Andrew Clarke

About Andrew Clarke

About Andrew Clarke

At the age of 19, I was the recipient of a trainee Winemaker and Viticultural scholarship at Riverina College of Advanced Education.

I trained under Andrew Birks, Andrew Hood and Max Loder (guru German Viticulturist), and worked in many grape growing areas, including Coonawarra and Cowra and throughout the Riverina.

Next followed a stint at Brown Brothers working under Rick Kinzbrunner (Giaconda) and then to the Yarra Valley working for various labels including Fergusson, also Cuthbertsons Murrindindi, and St Huberts under Brian Fletcher.

During this period I went to work in Sonoma California for Dave Stare at Dry Creek and in South West France mainly in Bordeaux region at Chateau Giscours and three or four other small establishments.

In 1984 I started working for myself in the viticultural consultancy business. This entailed setting up vineyards and overseeing their day to day management. Over the years this has given me the opportunity to source some very good grapes for wines made under my label.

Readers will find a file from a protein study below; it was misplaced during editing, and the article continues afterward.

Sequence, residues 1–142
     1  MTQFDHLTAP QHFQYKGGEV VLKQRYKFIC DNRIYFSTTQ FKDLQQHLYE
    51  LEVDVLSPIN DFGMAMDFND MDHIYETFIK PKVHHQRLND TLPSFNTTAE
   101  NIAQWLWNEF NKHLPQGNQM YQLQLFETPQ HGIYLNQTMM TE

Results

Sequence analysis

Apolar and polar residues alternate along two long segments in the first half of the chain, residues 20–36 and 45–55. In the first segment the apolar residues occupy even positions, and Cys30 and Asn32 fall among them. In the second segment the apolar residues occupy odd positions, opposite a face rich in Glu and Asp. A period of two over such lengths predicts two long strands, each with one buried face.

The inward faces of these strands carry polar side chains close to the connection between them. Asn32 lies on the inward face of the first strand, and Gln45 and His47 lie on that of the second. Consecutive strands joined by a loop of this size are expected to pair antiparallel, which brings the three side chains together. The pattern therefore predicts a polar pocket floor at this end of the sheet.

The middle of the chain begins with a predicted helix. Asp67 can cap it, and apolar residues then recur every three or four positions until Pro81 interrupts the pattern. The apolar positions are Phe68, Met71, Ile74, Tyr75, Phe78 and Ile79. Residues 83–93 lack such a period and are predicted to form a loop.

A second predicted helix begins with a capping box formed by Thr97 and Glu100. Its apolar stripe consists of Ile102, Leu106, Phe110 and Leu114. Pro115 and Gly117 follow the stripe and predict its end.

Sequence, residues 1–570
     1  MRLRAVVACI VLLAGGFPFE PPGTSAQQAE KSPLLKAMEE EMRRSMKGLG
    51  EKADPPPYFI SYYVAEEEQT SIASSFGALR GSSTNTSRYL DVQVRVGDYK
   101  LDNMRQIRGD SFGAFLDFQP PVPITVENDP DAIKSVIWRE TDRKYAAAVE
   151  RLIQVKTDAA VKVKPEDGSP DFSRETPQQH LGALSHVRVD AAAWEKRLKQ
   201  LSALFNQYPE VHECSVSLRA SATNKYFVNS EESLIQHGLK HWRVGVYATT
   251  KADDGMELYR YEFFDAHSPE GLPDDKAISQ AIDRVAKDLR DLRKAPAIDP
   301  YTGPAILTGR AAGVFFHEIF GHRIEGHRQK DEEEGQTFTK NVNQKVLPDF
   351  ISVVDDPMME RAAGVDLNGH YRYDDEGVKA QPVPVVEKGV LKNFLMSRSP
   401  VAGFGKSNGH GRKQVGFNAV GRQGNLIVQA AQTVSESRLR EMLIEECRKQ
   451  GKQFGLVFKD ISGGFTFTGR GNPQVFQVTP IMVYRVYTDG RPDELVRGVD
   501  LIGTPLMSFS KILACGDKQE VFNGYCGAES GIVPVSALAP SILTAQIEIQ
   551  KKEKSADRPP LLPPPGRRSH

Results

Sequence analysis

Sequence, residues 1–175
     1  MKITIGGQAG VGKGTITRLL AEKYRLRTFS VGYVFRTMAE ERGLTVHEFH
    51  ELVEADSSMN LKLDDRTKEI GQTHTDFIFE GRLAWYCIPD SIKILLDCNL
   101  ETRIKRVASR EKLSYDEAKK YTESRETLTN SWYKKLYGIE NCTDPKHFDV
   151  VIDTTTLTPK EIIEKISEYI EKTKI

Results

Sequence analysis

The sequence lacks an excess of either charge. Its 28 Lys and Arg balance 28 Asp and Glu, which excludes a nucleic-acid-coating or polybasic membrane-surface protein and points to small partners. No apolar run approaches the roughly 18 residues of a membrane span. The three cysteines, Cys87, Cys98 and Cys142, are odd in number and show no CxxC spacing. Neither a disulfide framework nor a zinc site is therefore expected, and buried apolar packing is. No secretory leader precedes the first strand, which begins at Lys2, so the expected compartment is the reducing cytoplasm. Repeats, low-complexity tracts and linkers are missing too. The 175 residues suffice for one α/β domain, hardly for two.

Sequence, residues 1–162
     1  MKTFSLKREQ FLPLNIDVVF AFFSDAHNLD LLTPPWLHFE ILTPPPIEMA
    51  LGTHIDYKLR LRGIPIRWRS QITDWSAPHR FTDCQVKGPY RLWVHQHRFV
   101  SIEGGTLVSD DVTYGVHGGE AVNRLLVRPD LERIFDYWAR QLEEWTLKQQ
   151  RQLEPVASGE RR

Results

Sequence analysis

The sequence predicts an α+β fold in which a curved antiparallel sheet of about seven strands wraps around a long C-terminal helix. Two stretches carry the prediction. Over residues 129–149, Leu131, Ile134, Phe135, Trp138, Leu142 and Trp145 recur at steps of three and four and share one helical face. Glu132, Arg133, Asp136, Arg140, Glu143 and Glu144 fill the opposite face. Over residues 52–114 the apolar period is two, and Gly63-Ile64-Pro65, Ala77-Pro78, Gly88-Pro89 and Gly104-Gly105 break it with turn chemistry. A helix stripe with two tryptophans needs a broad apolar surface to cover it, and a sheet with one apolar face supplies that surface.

In 1989 I started making wine under the Jinks Creek label and have continued to do so.

Currently I oversee some 10 vineyards ranging in size from 1 acre up to 50 acres.

I love the challenge of producing the best fruit possible in any given year and still have clientele from when I began this work in 1984.

The first acre of Jinks Creek vineyard was planted in 1979, consisting of equal portions of Pinot Noir and Chardonnay.

Sauvignon Blanc was planted in the early '90's and has performed well. Now over 8 acres but currently expanding.

Not noted as a viticulture region and still fairly obscure, the vineyard has produced strong varietal and mineral characters, especially in the whites. My growing philosophy is minimal. The soil gets little of no fertilizer and the spraying of the vines is kept as close as possible to organic using basics like sulphur and copper.

Irrigation is kept to an absolute minimum except in unusually dry years. My winemaking philosophy is the same, with minimal inputs, lots of solids, some wild ferments, no filtration (except for Sav Blanc) and minimal use of SO2. I like to think that the vineyard is as close to its "Terroir" as possible and that the wines reflect that approach.

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